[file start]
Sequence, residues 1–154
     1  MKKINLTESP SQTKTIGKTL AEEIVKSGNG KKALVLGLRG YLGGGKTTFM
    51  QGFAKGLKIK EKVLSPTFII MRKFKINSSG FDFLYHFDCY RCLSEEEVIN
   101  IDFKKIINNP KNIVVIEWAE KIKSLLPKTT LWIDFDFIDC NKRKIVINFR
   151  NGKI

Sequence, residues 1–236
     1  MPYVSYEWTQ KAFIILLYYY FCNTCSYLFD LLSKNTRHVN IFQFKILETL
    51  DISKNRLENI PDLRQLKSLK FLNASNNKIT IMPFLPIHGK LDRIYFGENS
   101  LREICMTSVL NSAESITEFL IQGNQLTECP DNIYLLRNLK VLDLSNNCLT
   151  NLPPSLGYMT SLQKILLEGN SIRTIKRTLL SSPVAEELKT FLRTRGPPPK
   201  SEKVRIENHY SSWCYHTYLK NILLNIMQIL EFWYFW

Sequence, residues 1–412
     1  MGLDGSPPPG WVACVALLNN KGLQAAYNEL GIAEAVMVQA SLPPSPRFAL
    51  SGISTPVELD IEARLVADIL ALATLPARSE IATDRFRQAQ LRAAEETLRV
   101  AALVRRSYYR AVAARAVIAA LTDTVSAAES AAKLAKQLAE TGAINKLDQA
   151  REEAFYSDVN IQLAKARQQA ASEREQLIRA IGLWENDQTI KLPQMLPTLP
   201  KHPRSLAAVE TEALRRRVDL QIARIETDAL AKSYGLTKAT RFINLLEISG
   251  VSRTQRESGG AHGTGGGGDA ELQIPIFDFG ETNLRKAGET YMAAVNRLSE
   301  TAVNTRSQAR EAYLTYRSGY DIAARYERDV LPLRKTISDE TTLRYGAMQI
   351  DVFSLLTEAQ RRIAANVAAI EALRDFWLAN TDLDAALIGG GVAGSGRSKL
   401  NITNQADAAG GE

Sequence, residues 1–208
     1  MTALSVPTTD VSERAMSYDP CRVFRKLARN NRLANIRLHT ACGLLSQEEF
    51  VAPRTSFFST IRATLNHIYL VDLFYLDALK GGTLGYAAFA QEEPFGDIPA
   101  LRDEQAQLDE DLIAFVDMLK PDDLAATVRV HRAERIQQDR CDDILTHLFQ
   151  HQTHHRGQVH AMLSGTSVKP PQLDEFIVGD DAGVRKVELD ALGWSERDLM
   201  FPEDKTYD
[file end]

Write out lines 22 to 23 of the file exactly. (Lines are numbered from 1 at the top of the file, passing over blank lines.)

Sequence, residues 1–208
     1  MTALSVPTTD VSERAMSYDP CRVFRKLARN NRLANIRLHT ACGLLSQEEF